Israel's newly rich techies arouse envy and emulation

Riskified CEO Eido Gal Photo: CRC Media

In focusing on the glamor and money, the media overlooks the 97% of startups that fail and the 24/7 efforts of those that succeed.

In their wonderful international bestseller Start Up Nation, researchers Dan Senor and Saul Singer attempt to examine the State of Israel from an overall perspective and analyze how it became, against all the odds, a global economic miracle. Israel has the highest number of patents per capita and the highest number of startups per capita in the world, with more Israeli companies traded on Nasdaq than European companies, and more.

Their conclusions are diverse but come back to the same point - there is something in Israel's cultural ecosystem that encourages entrepreneurship, independence, thinking outside of the box, innovation and more. The Israeli education system (with all our criticism of it), the youth movements (which focus on the Zionist and Jewish ethos), the army (a melting pot and fertile ground for innovation), the Israeli ego (everyone here is full of themselves and certain that they are God's gift to humanity), the fact that we are an 'island economy' (surrounded by enemy states) and so required to export products and services, and so on. There is something deep in our culture and the way we are raised, educated and live that always causes us to desire more (and if possible more than the neighbor would be good) and to aspire, to earn and influence as much as possible.

In effect, Senor and Singer say that all Israelis are entrepreneurs. All of us are creative. All of us think like high-techies. But all of us aren't high-techies in practice - and most of us don't enjoy the prosperity of the tech industry in our daily lives, and in particular not from the insane billions that have poured into companies and startups in 2020 and 2021. During the coronavirus crisis of all times, and the age of 'Zoom', when most of the world has been closed, Israeli companies and entrepreneurs have raised record and unprecedented amounts from investors and funds worldwide. One in 10 companies worth more than one billion dollars worldwide today is an Israeli company.

We are a small country of 9 million people, surrounded by enemies and fighting on several fronts at any given time, going through political crises and wars, with one of the most oppressive bureaucracies in the world, and still we make so much noise - most of it positive - and succeed in persuading so many serious bodies to invest money in us - $10.52 billion flooded into Israeli high-tech companies in 2020, the year of coronavirus, and so far in the first half of 2021, the record has already been broken and $11.9 billion has found itself in the pockets of Israeli high-tech entrepreneurs (and the government which is enjoying a crazy amount of tax and through it reducing the national deficit). The Israeli media has spotted what's going on and has been intensively featuring stories about the new people made wealthy by high tech (and is perhaps overdoing it). The glamorous side of things has mainly been highlighted - the festive launches on international stock exchanges, the indulgences awarded to high-tech employees, the amount of money circulating in this market, the lavish parties, and much more. Obviously, the 3% of success stories are covered and not the 97% of startups that close down within three years of being founded (and result in the loss of major amounts of money of investors and the time, money and energy wasted by the entrepreneurs themselves).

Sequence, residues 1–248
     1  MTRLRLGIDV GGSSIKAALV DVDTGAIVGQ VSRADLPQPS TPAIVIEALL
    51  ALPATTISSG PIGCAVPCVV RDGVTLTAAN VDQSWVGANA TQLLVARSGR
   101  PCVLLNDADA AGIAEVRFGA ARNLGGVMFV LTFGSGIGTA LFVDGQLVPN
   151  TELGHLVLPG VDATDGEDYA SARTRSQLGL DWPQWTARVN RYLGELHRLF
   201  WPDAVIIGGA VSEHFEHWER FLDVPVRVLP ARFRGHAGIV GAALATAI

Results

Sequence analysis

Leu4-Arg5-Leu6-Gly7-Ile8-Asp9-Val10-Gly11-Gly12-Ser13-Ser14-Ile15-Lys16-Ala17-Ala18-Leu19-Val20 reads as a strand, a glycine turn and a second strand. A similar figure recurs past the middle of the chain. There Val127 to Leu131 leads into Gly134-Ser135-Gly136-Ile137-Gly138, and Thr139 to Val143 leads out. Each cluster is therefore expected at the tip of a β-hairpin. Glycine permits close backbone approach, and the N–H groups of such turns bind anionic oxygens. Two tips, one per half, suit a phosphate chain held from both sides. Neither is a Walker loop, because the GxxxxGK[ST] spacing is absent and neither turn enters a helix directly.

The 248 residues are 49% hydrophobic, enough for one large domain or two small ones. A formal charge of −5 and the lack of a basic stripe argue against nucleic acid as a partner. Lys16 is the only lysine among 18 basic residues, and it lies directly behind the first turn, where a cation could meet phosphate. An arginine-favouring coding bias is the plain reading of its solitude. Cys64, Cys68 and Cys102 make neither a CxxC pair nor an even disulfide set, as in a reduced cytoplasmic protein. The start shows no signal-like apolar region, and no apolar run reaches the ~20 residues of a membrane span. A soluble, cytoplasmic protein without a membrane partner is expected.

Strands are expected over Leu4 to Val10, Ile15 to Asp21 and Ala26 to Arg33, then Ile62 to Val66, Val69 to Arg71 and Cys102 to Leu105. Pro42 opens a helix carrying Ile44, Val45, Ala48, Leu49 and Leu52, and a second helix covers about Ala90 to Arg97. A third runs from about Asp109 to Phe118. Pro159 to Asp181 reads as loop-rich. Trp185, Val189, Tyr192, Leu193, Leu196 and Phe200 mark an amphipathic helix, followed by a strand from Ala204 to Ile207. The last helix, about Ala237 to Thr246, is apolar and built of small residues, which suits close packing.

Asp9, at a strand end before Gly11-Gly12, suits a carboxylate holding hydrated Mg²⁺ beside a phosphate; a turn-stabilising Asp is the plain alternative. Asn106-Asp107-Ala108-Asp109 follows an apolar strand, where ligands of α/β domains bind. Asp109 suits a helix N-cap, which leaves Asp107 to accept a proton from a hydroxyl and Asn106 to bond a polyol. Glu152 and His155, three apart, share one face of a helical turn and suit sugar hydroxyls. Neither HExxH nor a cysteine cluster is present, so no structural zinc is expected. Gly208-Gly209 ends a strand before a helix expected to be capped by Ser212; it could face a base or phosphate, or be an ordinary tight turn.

The positive image is growing

The question is what do all these stories do for the image and branding of Israel's high-techies. Does it reinforce the positive image of Israeli high-tech as the 'engine' of growth of the economy that carries the entire country on its back and brings lots of money into Israel (of which a large part is paid in taxes), a model for emulation that every schoolchild, soldier and student can strive for, or does it actually create a negative image of the aloof, arrogant, privileged and indulgent who are enveloped in their own bubble, only helping their friends, while most of the country is stifled by the Covid restrictions and looks at them enviously?

My feeling is that both are the case but with a clear tendency towards the positive image. The newly rich are our neighbors, our friends and the leaders of our communities. They are the ones who allow the country to cope with the economic challenges of Covid, and they create a positive image for Israel (a democratic, creative and liberal country) and they succeed in getting money from abroad (in justifiable amounts) and bringing it to the Holy Land.

What could strengthen the positive image? If the media would cover not only the high-tech successes but also the hours spent in the laboratory, the failures, the round the clock endeavor, the risks, and the significance of being one moment after the 'exit' to American ownership while providing answers and reports to demanding venture capital funds.

The author is an international expert in persuasion, marketing, sales, conveying messages and negotiations

Published by Globes, Israel business news - - on August 5, 2021

© Copyright of Globes Publisher Itonut (1983) Ltd. 2021

Riskified CEO Eido Gal Photo: CRC Media
Riskified CEO Eido Gal Photo: CRC Media
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